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Friday, April 11, 2014

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Chanson de Roland

Dear Mr. Jenkins: Once again you provide us with important information about threats to our privacy and security. And you provide useful information about what we can do to mitigate this particular threat, at least going forward. That is, we can insist that the websites, which we use, patch their vulnerability, if any, to Heartbleed, and then change our passwords.

But the larger problem is something that no one wants to admits, because of the vast sums of profit and vast sectors of our economy and other economies, which are at stake: The Internet isn't secure; financial transactions on the Internet are not secure; though we have a reasonable expectation of privacy on at least certain of our Internet communications and transactions, none of those communications and transactions are secure; and so we don't have any privacy and/or security on the Internet.

I now have to change some passwords, but I have no beliefs that those changed passwords will make my communications and transaction on the Internet private or secure, even though my confidential communications and transactions should be both private and secure and even though I have a right and reasonable expectation that they will be private and secure.

So the secret is out: The Internet isn't private; it is not secure, and not only are ordinary people powerless to do anything about it; large firm, such as banks, brokerages, retailers, law firms, news organizations etc., are also powerless to do anything about it.

And why don't we have privacy and security? Well, aside from the technical flaws that arise in any computer system, another more powerful and the essential cause of the failure of privacy and security on the Internet is a witches' brew of: the prerogatives and security needs of empire; the profitability of dishonoring our privacy so that firms can exploit our personal information, and the willingness of government, which is supposed to be our government, in all of its branches to protect the protect and abet the imperial state's security needs and the profitability of firms who exploit our privacy.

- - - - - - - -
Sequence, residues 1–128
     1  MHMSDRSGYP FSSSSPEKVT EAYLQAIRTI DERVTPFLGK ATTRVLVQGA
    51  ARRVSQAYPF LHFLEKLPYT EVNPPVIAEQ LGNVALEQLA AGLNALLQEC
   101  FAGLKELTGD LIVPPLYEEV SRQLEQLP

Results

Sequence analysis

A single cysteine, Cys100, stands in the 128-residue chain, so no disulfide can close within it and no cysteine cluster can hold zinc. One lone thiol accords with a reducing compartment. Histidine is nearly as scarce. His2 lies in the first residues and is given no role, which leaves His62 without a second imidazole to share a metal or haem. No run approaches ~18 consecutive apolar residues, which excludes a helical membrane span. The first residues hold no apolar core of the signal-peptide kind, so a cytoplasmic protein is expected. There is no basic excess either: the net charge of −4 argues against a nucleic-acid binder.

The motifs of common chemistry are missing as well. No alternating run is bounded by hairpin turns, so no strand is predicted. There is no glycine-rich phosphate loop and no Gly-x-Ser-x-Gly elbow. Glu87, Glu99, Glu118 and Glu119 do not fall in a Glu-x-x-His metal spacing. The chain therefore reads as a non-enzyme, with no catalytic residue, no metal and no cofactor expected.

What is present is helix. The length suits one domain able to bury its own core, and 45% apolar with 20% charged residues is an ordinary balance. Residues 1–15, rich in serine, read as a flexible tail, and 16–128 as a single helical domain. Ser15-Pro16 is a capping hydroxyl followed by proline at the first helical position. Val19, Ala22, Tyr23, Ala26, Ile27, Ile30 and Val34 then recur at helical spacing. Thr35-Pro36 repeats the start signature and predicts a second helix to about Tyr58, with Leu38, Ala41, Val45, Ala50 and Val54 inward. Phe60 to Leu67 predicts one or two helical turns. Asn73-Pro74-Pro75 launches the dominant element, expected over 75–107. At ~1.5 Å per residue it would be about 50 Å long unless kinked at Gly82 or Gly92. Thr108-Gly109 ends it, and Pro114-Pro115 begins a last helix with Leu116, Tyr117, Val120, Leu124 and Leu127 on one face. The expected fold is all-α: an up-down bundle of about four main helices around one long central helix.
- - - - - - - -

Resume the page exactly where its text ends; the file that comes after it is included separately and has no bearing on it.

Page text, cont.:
That witches brew may well lead to governments and firms at least exploiting, if not creating, security flaws for their own purposes and profit, but the greater dangers are the immoral and harmful acts, which the state, the United States, has legalized. We, for example, have no property rights in our personal information; private firms, for the sake of their profits, set what can only be described as legalized malware on our computing devices; governments conduct massive surveillance with no other justification than that they can and that its good to know what everyone is thinking and doing, which, in the case of the U.S. government, is a violation of the U.S. Const.; people are presented with and coerced into contracts, which they can’t understand and/or which they aren’t given time and resources to review and understand, on pain of being denied needed goods and/or services, and the courts, both state and federal, have stood mute and permitted these violation of peoples rights.

Mr. Jenkins, thanks for letting us know what's going on.

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